8. There is more there than meets the eye. Look carefully. Everywhere, anywhere! How often in life do we get the time to really dive deep into a small world? As field biologists that is often our task, and as an island field biologist you are given the gift of staying put. This “enforced stillness” eliminates the distractions of going so many places and allows you to really pay attention to what is around you. Can’t go racing off to the store? Look at those interesting insects on the plants outside your tent flap. Under that rock – is that a whiff of storm-petrel? Look, the rockweed is getting brighter green now – good golly the life cycle of seaweed is an amazing thing! The terns are becoming more aggressive as the hatch approaches. Puffin – has again paired up with __, her mate of __ years. Pick a plant or animal you can see from home and learn ALL about it - you can research online, but then use your own eyes and ears to find out what is happening in your part of the world. This is a great time to start a wildlife journal or a bird list.
9. Surprising things become valuable. On Eastern Egg Rock we had just landed the “Robo Ranger” onto the island. If you recall this “scaregull” was housed in a big, heavy, wooden box (about 2’X3’X7’) from which it would pop up at surprising intervals. How to move it into position over the rocks? We thought that attaching 2X4 handles would be a good plan, and we had some wood scraps. But nails?? Big nails? Even bent big nails? Oy – it took a thorough scouring of the island and washed up lumber to find enough nails to complete our task. So you never know what will become valuable! On another occasion, we were replacing a window (also at EER) and realized we didn’t have enough primer to protect the trim. A wander around the intertidal yielded half a can of primer washed up! Funny how the sea, the universe, provides. Look in your basement and discover some treasures to be used for an intended, or newly invented purpose! Find a craft or construction project using materials at hand. On an island, this means beachcombing and finding purpose for whatever you find – such as outdoor furniture, shelving, etc. At home this could be using scrap materials to make birdhouses, pollinator houses or birdfeeders. If you need help brainstorming, here are some ways to make your own birdfeeders at home.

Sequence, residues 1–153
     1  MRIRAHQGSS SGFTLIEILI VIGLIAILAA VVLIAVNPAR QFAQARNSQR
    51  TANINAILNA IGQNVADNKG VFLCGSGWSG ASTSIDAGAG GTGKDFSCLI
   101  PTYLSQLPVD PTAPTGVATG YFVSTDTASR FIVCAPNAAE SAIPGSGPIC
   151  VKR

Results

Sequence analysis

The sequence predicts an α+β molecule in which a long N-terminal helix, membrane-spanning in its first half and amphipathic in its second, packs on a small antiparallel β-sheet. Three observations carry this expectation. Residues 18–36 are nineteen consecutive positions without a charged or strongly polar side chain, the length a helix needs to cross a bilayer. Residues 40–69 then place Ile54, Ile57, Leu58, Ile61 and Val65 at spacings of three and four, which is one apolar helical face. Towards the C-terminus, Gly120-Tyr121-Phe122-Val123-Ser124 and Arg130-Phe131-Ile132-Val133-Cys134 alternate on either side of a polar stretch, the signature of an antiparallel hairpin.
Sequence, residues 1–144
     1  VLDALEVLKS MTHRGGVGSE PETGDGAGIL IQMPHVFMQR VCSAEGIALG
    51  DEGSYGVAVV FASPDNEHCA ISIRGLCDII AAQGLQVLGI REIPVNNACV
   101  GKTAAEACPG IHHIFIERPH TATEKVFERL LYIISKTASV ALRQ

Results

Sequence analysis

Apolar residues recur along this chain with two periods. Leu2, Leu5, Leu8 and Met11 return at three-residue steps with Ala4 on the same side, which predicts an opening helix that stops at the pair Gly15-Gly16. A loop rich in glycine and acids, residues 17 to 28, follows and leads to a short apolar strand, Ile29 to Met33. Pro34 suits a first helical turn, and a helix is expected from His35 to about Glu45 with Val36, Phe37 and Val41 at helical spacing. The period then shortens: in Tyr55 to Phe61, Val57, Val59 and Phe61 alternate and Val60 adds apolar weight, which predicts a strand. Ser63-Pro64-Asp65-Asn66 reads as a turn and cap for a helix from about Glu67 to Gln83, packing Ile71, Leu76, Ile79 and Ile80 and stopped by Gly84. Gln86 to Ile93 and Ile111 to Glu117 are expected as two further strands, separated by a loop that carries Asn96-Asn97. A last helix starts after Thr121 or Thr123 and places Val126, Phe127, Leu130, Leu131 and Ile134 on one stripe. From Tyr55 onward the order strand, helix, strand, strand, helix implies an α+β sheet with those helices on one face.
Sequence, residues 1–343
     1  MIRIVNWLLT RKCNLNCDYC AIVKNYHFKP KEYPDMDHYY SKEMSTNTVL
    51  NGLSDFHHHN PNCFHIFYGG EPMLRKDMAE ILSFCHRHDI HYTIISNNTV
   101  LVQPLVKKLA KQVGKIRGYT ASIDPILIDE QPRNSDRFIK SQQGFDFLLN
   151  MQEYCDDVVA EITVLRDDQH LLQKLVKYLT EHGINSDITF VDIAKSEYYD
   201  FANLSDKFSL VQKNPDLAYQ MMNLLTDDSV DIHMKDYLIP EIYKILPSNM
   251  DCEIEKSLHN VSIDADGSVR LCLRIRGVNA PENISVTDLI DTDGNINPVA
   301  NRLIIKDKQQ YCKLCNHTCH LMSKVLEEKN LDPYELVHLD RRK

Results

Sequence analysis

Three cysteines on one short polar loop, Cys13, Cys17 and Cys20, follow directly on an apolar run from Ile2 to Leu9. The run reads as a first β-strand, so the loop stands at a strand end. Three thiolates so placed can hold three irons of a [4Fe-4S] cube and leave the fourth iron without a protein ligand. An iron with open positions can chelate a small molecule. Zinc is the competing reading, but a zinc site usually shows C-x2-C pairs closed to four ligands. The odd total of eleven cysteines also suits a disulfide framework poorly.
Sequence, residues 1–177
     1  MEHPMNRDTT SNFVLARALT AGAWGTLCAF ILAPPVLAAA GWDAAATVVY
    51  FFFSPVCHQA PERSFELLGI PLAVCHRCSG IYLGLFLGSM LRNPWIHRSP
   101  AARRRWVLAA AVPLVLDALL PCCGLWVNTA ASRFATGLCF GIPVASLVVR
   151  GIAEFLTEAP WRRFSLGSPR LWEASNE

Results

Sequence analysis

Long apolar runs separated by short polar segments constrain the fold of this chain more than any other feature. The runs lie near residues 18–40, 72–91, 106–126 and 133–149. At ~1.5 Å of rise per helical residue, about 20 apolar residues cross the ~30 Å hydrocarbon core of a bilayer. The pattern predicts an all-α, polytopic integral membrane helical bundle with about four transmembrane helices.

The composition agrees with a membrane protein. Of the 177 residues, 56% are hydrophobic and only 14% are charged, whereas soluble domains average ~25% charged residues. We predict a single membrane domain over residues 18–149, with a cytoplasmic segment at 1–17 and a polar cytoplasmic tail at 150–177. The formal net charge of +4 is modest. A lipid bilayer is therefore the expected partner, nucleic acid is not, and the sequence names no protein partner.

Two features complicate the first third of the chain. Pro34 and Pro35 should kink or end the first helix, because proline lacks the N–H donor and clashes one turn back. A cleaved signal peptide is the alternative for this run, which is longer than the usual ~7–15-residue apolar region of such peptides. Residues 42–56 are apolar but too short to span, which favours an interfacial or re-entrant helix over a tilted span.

10. Celebrate! Celebrate everything! Cinco de Mayo, 4th of July, Canada Day, Lighthouse Appreciation Day, National Corn Fritters Day, and especially INTERNATIONAL GUILLEMOT APPRECIATION DAY! On June 27th each year we put the under-appreciated Black Guillemot (and its Cepphus peers) center stage. People write poetry, create culinary delights, wear costumes, and celebrate them in every way possible. If you can’t find a holiday to celebrate, make up one of your own. How lucky that we have Easter, Earth Day, and National Wear Your Pajamas to Work Day in April!
11. You will become more creative as your supplies dwindle! Contrary to what you might think, having fewer options will stretch your creative powers. Towards the end of a typical 2-week island stint most of the fresh produce will be used up, and certainly all of the candy. Now begins the real fun! How can you combine those old sardines, that brown banana, rice, a can of tomatoes, and curry powder? Surprisingly it has been done! Condiments are key – one can work wonders with a garlic clove or some cardamom. A can of coconut milk is gold. Do you understand the physics of baking? – you don’t NEED eggs to stick things together and make them rise… some vinegar and baking soda and oil can do that. The term “need” takes on a different meaning out there – with plenty of time to consider it, that need for a cookie is actually a need for sweet and satisfied with some rice pudding or a cup of cocoa. That need for a fishhook translates to the creation of one from a bent nail. Limit yourself – and expand your possibilities.
12. Connect to your archipelago, and beyond. Back in the “old days” we communicated between seabird islands on a CB radio. We shared news of the day, jeopardy games, knitting instructions – everything. It was paleo internet. It was fun! Now of course we can communicate by cell phone or internet (when it works), but it is less inclusive of all. This is a perfect time to practice slow communication. Hand write a letter that won’t show “age” in a few weeks when it may get delivered. This is particularly touching when the people you love are far away. Also meeting apps like Zoom have changed our ability to bond, allowing you to connect to your immediate archipelago, and the larger world. It is great to know that we aren’t alone in our current challenges. We are safe on our islands, honing our skills, having fun, appreciating the weather and making minute discoveries that we usually rush right past. Stay safe at home and enjoy your island time.
How you can help, right now
Adopt now and receive: A Certificate of Adoption, A biography of "your" puffin, and The book How We Brought Puffins Back To Egg Rock by Stephen Kress.
There are many ways that you can get involved with Project Puffin to help us make a difference for seabirds worldwide!